Ford to introduce autonomous ride-sharing vehicle by 2021
17 August 2016
Author: Daniel Puddicombe
Ford has announced it intends to have autonomous vehicles operating ride-hailing services in North American cities New York and Austin by 2021.
To achieve this, the American car maker said it will double its research and development team in California to 260 people while also investing in or collaborating with four driverless vehicle start-ups.
The mass-produced vehicle will not have a steering wheel or pedals and is being designed with ride-sharing services in mind.
A Ford spokeswoman told BusinessCar that its driverless vehicle car-sharing programme has "intentions to expand beyond North America" as it is a global company but no timescales are available yet.
At the moment, Ford operates a fleet of 10 autonomous test vehicles in America, and it announced it plans to triple the number of vehicles on its fleet this year and again in 2017.
The four start-ups Ford is working with are:
- Velodyne: Silicon Valley-based company which specialises in light detection and ranging sensors. The companies are aiming to mass-produce a more affordable sensor in the future. Ford has a longstanding relationship with Velodyne, and used the sensors for high-resolution mapping for 10 years.
- SAIPS: Ford acquired the Israel-based machine learning firm this year to increase its knowledge of artificial intelligence, allowing the autonomous vehicles to learn and adapt to the surroundings of their environment.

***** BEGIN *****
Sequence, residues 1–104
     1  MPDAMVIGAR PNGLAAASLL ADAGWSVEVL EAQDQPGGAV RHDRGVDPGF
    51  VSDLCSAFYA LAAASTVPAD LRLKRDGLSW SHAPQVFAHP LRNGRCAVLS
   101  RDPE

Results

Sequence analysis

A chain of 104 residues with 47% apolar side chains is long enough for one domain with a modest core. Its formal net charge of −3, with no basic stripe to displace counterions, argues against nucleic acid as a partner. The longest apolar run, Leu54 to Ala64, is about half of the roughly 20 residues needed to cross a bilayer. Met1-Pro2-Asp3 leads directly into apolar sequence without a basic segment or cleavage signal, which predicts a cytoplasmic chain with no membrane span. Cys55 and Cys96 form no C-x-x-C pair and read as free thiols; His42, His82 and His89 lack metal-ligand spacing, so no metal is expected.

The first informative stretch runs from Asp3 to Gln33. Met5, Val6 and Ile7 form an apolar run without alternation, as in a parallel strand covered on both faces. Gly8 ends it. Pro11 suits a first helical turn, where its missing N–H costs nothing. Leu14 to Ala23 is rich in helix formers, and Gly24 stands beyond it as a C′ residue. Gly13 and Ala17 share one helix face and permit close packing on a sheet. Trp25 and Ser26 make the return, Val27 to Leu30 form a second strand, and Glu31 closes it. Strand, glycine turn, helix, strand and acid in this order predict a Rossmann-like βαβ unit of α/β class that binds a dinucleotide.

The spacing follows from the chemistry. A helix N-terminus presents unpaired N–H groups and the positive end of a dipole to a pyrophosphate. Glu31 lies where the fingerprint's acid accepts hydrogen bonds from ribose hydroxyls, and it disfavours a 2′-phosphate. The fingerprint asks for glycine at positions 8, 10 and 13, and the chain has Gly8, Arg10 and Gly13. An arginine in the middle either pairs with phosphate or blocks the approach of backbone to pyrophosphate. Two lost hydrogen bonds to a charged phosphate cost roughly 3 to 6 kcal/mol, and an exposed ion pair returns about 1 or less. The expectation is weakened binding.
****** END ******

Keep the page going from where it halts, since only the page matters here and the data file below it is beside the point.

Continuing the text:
- Nirenberg Neuroscience LLC: The car manufacturer has an exclusive licensing agreement with the machine vision business. Ford said its partnership with Nirenberg Neuroscience "will help bring humanlike intelligence to the machine learning modules of its autonomous vehicle virtual driver systems."
- Civil Maps: Ford has invested in the organisation to further develop high-resolution 3D maps.
"The next decade will be defined by automation of the automobile, and we see autonomous vehicles as having as significant an impact on society as Ford's moving assembly line did 100 years ago," said Mark Fields, Ford president and CEO. "We're dedicated to putting on the road an autonomous vehicle that can improve safety and solve social and environmental challenges for millions of people - not just those who can afford luxury vehicles."